Bury My Heart at Wounded Knee by Dee Brown (published 1970, reissued in ebook form by OpenRoad Media) is an incredibly painful book to read. It is a straight-forward historical account of the last three decades of Native American Indians in the American West, an account of the great leaders and cultures that are no more.
Although I felt I had an understanding of the conflicts that happened in the American West during the 1800s, I feel now that I had no idea of the extent of the genocide. Before, I thought the Native American Indians tragically died out, due to disease and relocation. Now I see better that the local American government routinely slaughtered whole communities.
Brown’s book is written with the Native American perspective at the forefront, so of course there is bias. However, Bury My Heart at Wounded Knee is a well researched record of the American historical experience, and it is a vital text for Americans interested in learning the not-so-pretty truth about American history. (more…)
At nearly 800 pages, The Fate of Africa by Martin Meredith is overwhelming in scope. Subtitled A History of Fifty Years of Independence, the book attempts to capture the histories of all the countries on the African continent. Yet, such an ambitious subject cannot adequately be captured in less than 800 pages: each country has its own complexities. The history of the myriad of countries and people in Africa cannot be adequately explained in one book. Meredith neglected some countries’ histories while others were well drawn. In short, The Fate of Africa gave me a good grounding in some countries but left a gap in my understanding of others.
Nevertheless, I read The Fate of Africa to get a better context and understanding of the African continent today, and for that it delivered. (more…)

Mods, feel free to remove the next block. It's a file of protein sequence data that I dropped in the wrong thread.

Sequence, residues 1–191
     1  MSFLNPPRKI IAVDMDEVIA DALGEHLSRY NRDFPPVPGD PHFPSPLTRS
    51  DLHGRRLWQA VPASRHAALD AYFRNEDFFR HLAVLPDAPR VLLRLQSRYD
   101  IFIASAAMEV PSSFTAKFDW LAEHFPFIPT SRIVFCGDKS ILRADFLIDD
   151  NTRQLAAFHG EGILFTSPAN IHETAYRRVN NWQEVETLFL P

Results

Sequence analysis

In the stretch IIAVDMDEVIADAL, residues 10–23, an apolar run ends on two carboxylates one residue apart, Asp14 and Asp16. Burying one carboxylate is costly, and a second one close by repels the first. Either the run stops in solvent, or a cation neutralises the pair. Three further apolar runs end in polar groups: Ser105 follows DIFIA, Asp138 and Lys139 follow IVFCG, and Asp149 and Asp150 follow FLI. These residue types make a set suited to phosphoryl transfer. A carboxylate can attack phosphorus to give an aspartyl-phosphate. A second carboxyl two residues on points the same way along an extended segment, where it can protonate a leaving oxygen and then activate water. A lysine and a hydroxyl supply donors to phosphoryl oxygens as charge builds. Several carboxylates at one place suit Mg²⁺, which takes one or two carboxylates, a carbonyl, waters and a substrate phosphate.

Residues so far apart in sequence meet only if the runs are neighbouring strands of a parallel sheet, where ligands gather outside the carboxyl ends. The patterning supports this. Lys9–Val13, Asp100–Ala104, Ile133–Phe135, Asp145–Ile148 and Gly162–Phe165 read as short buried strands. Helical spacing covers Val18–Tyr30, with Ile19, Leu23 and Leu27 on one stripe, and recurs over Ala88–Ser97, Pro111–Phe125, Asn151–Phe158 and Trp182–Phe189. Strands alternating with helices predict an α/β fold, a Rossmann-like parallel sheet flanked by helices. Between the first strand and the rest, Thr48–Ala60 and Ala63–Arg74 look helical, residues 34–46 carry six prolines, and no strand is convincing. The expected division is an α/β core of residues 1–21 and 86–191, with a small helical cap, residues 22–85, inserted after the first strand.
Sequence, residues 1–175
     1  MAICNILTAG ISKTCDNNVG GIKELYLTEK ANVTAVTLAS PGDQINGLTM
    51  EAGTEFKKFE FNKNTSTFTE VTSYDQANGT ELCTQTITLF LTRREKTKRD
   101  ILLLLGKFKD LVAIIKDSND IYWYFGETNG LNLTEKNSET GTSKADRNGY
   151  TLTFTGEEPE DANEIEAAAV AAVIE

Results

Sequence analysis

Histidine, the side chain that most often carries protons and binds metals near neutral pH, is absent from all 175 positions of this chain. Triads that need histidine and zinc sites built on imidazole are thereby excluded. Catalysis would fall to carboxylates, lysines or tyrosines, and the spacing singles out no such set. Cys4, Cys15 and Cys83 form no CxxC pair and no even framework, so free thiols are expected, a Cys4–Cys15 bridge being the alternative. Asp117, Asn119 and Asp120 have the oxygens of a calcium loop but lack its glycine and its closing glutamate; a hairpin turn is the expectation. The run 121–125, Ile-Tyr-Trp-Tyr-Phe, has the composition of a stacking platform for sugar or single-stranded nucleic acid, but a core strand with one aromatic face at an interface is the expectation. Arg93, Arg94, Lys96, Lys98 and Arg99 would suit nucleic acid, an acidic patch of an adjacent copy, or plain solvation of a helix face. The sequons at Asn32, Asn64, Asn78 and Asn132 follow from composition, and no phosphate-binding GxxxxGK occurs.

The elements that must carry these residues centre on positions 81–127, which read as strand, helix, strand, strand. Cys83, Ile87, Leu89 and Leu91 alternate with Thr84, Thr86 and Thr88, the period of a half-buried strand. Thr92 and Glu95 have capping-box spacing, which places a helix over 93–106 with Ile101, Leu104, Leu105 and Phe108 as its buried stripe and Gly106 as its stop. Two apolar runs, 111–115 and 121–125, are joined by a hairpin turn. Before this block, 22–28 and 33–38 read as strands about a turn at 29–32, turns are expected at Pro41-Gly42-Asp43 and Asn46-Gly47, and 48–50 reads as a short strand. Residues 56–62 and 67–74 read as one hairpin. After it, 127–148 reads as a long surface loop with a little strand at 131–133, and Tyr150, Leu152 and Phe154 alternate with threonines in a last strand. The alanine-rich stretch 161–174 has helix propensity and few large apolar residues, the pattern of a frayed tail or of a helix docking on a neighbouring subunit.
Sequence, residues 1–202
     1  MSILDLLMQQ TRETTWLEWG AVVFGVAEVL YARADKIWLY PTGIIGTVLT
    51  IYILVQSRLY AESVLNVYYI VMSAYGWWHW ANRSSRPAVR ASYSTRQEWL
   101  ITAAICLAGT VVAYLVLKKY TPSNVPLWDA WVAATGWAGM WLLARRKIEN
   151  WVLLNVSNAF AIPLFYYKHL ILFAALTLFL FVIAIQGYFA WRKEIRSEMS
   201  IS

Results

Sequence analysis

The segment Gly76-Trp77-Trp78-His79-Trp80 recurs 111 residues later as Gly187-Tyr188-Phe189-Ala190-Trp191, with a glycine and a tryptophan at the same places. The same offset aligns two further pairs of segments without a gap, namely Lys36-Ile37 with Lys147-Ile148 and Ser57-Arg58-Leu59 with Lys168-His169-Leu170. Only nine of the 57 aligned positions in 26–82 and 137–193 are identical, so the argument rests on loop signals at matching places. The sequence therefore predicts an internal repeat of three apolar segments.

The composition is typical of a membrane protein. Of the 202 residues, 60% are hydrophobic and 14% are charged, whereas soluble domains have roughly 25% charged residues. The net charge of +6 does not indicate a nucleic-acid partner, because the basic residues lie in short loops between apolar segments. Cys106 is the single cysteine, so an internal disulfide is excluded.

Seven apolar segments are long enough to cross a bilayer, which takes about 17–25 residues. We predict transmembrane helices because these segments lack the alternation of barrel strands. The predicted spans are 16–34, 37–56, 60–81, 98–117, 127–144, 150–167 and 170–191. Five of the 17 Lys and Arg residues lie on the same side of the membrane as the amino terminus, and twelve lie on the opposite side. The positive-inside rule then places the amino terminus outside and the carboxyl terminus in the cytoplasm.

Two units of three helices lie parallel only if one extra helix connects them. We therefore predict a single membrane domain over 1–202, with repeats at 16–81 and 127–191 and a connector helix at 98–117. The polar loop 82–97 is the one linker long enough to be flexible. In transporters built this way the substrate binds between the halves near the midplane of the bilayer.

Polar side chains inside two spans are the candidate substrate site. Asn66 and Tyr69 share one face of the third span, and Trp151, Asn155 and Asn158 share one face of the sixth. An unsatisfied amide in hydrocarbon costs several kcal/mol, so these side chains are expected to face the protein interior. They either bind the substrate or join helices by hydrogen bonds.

Last year, I read Baking Cakes in Kigali by Gaile Parkin, and I really enjoyed it. I suggested it to my book club, and I was delighted it when it was selected as this month’s read! I reread it last week and searched for some discussion questions online. To my surprise, I couldn’t find any! So I’ve written some. Because I think this book will provide a great discussion, I want to share them with the rest of you so you can also have a book club on this book. I suspect you won’t be disappointed. Note that these questions, as original questions, are copyright Rebecca Reid.
If you have read the book, I’d be interested to hear your answers to any of the questions, or your thoughts in general about the book. If you have not read the book, “spoilers” obviously abound. (more…)
This is a “must read” book. There, I said it.
I am a suburban American stay-at-home mom. I have always been well fed and safe. I have 16+ years of education and I could get more if I felt like it. When I was 26, I delivered my first child naturally in a hospital with a nurse midwife present. I don’t feel I’ve ever been discriminated against because of my gender, and I’ve never been abused or beaten in any way.
I am pretty naïve about the state of women in the world.
Reading Half the Sky by Nicholas Kristof and Sheryl WuDunn was eye-opening for me. I had of course heard about sex trafficking in Asia. I had of course heard of maternal deaths in Africa due to improper medical care. I had of course heard about the atrocities against woman that occurred (and are occurring) as a part of national genocide in Africa. I had of course heard about lack of education for girls around the globe and corresponding gender discrimination.
But hearing something is different than meeting the people. The stories Kristof and WuDunn share about woman around the globe made these issues real to me. These Pulitzer Prize-winning journalists capture the issues and it is heart-breaking. But because each section ends with stories of success, I feel that change is possible in the future. There is hope. What will it take to turn the world around? I think being aware is part of the first step, and Half the Sky is a great first step for all to gain a little bit more of that awareness. (more…)
At first, Baking Cakes in Kigali by Galie Parkin reminded me of The No. 1 Ladies Detective Agency by Alexander McCall-Smith.
In both novels, an independent woman in an African country runs a business and listens to the gossip of her neighbors, showing the reader a little bit about African locale, but also illustrating the pure spunk behind a strong woman in various situations. Both books share humorous anecdotes in a light, easily accessible tone. Even when difficult things happen, the tone remains hopeful.
But that is where the similarities end. McCall-Smith graciously paints the beautiful and peaceful, yet poor, Botswana. Parkin, on the other hand, illustrates a pained Rwanda. The stories Angel hears are those of genocide survivors. And yet, even Angel’s story is ultimately full of hope. (more…)